Last week, we compiled a list of some of the greatest photography documentaries available to watch online for free. Inevitably this made us think about cinema and the various screen incarnations of the photographer. Whether riffing on the clichés of the recluse-type (High Art) or the fearless photojournalists in war-torn countries (Under Fire, The Year of Living Dangerously), the majority of movies portray photographers as crazy obsessives.
Celebrating fictional photographers in films, we've picked ten of our favourites. But how about you? Do you have a favourite fictional photographer? Let us know in the comments below.
1. David Hemmings in Blow-Up (Michelangelo Antonioni, 1966)
Oddly, the greatest film about Swinging London – and one of the greatest British films of all time – was made by an Italian (the great Michelangelo Antonioni). David Hemming's Thomas, a commercial photographer who strives to escape the superficiality of Swinging London and shoot 'creative' street photos, becomes entangled in a sticky web of mystery after unwittingly photographing what he later believes to be a murder in Maryon Park. It's in his dark-room where we see the artful blow-ups that distort reality and prompt him to become a pseudo-detective, always with his trusty camera in hand.
2. Robin Williams in One Hour Photo (Mark Romanek, 2002)
Robin Williams plays the freaky photo lab clerk who becomes dangerously obsessed with a family through the photos he develops for them. Easily the most sinister photographer on our list, Williams' character will make you think twice about taking those holiday snaps to the one-hour photo lab again. We'll never look at Snappy Snaps employees in the same way again, that's for sure.
3. Edward Furlong in Pecker (John Waters, 1998)
Pecker is the kind of punk kid street photographer that never leaves home without his camera, never knowing what freaky delights the Baltimore streets will deliver. Snapping his eccentric family, strippers and rats humping in the trash, you can't help but think this is director John Waters (king of kitsch) behind the lens.
4. Ally Sheedy in High Art (Lisa Cholodenko, 1998)
Loosely based on photographer Nan Goldin, Ally Sheedy plays renowned lesbian photographer Lucy Berliner, artist extraordinaire, who embarks on a relationship with the heterosexual magazine intern Syd. Lucy, unlike Pecker, is a deeply serious photographer, and boy do her photos, stunning as they are, reflect this. Props to real-life photographer Jojo Whilden, whose shots were used in the film.
5. James Stewart in Rear Window (Alfred Hitchcock, 1954)
What is a disabled photographer confined to his apartment with a whopping great zoom lens to do with his life? Spy on his neighbours like a peeping Tom, of course. Like the character in Blow-Up, Jeff (James Stewart) thinks he's stumbled across a murder while messing about with his camera. And maybe he has. If it was mandatory for detectives to carry cameras with gigantic zoom lenses at all times, who knows, maybe the crime rate would drop. Long live the awkwardly large zoom lens.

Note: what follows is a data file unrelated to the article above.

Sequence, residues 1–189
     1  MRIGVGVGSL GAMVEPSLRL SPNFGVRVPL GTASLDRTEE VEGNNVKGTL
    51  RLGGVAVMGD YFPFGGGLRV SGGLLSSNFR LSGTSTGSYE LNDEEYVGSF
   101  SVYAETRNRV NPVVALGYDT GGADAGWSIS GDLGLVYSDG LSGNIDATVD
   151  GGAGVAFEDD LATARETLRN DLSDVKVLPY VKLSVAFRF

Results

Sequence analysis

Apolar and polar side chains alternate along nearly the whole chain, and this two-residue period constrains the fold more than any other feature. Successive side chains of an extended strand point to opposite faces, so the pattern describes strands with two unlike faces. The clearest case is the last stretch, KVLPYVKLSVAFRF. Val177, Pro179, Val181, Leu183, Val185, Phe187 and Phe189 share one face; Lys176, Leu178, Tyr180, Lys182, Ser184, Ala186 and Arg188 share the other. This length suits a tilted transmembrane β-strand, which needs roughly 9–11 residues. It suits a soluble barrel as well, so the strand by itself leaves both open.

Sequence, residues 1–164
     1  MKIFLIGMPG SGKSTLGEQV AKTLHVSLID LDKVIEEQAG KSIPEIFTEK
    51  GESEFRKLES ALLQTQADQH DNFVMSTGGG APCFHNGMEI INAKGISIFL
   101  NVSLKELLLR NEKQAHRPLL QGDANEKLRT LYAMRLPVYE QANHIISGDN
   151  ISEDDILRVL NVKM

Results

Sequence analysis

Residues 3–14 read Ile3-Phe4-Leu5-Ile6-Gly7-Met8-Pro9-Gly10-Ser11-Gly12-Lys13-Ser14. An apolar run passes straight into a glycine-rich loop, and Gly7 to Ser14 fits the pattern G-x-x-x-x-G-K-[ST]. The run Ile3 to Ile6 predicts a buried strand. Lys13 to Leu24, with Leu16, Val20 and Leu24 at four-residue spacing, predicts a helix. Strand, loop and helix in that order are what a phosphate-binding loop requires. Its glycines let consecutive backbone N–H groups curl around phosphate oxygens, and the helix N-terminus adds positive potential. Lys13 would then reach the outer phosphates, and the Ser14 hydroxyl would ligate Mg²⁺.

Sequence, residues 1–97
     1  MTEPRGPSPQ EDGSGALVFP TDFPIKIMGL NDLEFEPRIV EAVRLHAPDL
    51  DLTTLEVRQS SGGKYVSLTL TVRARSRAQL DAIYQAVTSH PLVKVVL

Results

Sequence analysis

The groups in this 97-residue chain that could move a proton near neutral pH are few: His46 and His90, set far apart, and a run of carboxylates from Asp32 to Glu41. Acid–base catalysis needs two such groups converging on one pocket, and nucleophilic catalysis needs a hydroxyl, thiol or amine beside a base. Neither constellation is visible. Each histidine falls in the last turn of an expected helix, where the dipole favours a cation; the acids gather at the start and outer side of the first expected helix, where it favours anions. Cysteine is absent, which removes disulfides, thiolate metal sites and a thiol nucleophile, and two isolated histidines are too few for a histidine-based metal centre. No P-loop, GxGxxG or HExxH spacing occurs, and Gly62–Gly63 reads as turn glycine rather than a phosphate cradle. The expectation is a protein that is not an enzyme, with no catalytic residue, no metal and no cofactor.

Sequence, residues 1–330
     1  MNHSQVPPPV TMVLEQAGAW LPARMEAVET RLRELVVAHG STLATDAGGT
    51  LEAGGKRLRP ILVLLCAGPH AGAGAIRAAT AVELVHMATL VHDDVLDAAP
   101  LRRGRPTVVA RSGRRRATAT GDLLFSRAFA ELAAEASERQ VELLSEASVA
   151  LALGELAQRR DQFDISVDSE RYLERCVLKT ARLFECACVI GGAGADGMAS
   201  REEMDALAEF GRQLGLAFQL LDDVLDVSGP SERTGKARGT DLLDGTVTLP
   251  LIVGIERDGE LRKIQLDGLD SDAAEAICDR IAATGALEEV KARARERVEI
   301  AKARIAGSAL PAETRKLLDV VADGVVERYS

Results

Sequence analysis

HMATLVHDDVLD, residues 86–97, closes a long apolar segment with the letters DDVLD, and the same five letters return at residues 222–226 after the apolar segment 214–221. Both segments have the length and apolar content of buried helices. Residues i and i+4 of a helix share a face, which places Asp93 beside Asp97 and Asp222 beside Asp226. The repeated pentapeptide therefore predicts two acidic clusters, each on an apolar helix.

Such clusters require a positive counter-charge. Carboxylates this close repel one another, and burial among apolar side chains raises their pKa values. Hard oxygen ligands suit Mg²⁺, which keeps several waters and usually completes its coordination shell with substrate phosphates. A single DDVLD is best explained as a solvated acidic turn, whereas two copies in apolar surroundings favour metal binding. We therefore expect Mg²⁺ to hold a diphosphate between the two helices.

6. Julia Roberts in Closer (Mike Nichols, 2004)
Julia Roberts' commercial/creative photographer Anna has just kissed Dan (Jude Law) in her studio. Who turns up next? Dan's girlfriend Alice (Natalie Portman) who asks Anna if she'll take her portrait, knowing that her man has literally just been unfaithful. This incredibly tense scene would be nothing without the camera – a stunning little point-and-shoot Leica – between the two women.
7. Romain Duris in The Big Picture (Eric Lartigau, 2010)
French hunk Romain Duris holds a Nikon in this Paris-set thriller about a local photographer (Duris) who gets caught up in a complex world of infidelity and deceit when a businessman finds out he's been hooking up with his wife. Let's hope the guy doesn't get hold of all those saucy photos Duris has been taking of his wife, eh.
8. Guy Pearce in Memento (Christopher Nolan, 2000)
Possibly the best use of a Polaroid camera in any movie ever, Christopher Nolan's fractured, mind-boggling, neo-noir masterpiece is told in reverse, with a poignant intro that sees a Polaroid picture poetically fade as if reflecting the protagonist's own extreme form of anterograde amnesia. But out of all the questions raised by the film, the main one we want answered is this: where are all those photos now, and how much would we have to pay to get our hands on 'em?
9. Faye Dunaway in The Eyes of Laura Mars (Irvin Kershner, 1978)
The famous, classy outdoor photo-shoot is probably the best thing about this New York-set thriller, mainly because the photographer's pose is way better – and more contrived – than any of the models. Work it, Faye.
10. The kid from Yi Yi: A One and a Two (Edward Yang, 2000)
In Edward Yang's quietly epic film about a Taipei family's everyday quandaries, it's the little kid who creatively conveys the quotidian better than anything else in the film. Indeed his minimalist photographs of mosquitos (which, by the way, are impossible to see with the naked eye) make him an unwitting avant-garde photographer par excellence. Keep it up, kid.
And some notable omissions…
The Bang Bang Club
City of God
Bridges of Madison County
The Midnight Meat Train
The Year of Living Dangerously
Mystery Train (the Japanese dude)
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